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IEEE 802.11 Wireless Modulation Methods

A "Modulation Method" is a format and data rate in which wireless data is sent over the air. FHSS and DSSS was used in the early 802.11 standards, while OFDM is being used by many of the newer standards. The newer modulation techniques and data rates are more efficient, but older modulation techniques and data rates are still supported for backwards compatibility.

FHSS (Frequency-hopping spread spectrum) is a transmission technology where the data signal is modulated with a narrow band carrier signal that "hops" in a random, but predictable, sequence from frequency to frequency. This technique reduces interference because a signal will interfere only with other signals transmitting at the same frequency.

Frequency hopping

FHSS devices operating in 2.4-2.5 GHz ISM band must comply with FCC part 15.247 regulations. This includes the use of at least 75 hopping frequencies arranged pseudo-randomly, precise hopping synchronization between all the modems in the network and a maximum dwell time of 400 msec.

DSSS (Direct-sequence spread spectrum) is a transmission technology where the data signal is combined with a higher rate bit sequence, or chipping code, that divides the user data according to a spreading ratio. The chipping code is a redundant bit pattern for each bit that is transmitted, which increases the signal's resistance to interference.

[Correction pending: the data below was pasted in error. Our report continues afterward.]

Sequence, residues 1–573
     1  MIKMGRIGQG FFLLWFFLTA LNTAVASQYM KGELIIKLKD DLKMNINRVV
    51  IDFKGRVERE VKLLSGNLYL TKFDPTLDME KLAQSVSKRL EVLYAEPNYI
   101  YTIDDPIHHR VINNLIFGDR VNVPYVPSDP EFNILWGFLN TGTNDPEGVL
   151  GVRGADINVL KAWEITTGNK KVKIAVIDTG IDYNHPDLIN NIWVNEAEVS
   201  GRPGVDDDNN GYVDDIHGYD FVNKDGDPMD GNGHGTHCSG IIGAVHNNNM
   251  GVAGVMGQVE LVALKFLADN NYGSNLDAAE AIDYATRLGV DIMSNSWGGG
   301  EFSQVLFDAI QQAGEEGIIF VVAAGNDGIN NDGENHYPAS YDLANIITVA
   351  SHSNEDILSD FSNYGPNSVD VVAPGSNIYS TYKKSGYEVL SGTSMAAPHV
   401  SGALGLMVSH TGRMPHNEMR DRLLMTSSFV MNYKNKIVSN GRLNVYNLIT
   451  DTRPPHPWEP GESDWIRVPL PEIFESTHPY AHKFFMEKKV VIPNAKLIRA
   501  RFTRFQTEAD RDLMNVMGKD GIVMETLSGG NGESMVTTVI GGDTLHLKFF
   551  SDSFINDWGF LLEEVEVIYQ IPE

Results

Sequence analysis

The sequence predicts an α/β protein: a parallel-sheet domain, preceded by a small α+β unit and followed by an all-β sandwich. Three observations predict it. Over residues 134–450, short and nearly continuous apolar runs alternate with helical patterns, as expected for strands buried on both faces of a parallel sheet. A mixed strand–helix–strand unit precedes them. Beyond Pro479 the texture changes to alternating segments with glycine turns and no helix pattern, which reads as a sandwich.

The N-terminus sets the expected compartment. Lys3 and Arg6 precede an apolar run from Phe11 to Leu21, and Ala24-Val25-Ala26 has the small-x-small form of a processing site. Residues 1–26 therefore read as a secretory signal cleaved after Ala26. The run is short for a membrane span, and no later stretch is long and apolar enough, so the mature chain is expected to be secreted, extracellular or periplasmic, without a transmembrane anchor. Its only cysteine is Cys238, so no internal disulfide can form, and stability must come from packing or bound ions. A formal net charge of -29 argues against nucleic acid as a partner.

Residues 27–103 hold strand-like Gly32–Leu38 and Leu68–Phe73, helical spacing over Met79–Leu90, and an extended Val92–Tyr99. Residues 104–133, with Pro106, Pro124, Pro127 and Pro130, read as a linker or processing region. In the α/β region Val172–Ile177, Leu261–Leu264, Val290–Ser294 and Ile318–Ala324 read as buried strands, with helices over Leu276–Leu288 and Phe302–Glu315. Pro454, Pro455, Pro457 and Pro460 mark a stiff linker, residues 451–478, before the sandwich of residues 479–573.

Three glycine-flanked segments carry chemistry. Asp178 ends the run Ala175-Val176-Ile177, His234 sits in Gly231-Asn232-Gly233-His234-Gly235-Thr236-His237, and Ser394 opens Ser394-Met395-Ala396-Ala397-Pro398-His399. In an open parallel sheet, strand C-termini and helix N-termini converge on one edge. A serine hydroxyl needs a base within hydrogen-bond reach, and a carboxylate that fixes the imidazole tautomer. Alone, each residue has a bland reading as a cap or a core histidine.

OFDM (Orthogonal Frequency-Division Multiplexing) splits the radio signal into several sub signals which greatly reduces interference between signals.

More Networking Protocols and Standards:
• Network Cabling and Components
• Network Switches
• What Is Fabric Networking?
• SYN-ACK Handshake to Establish a TCP Connection
• The OSI Reference Model
• Basic TCP/IP Networking
• NTP Server Systems - The Network Time Protocol
• Internet Security and VPN Network Design
• Link Aggregation
• Networking Protocols, Ports, Standards, and Organizations What Does it All Mean?

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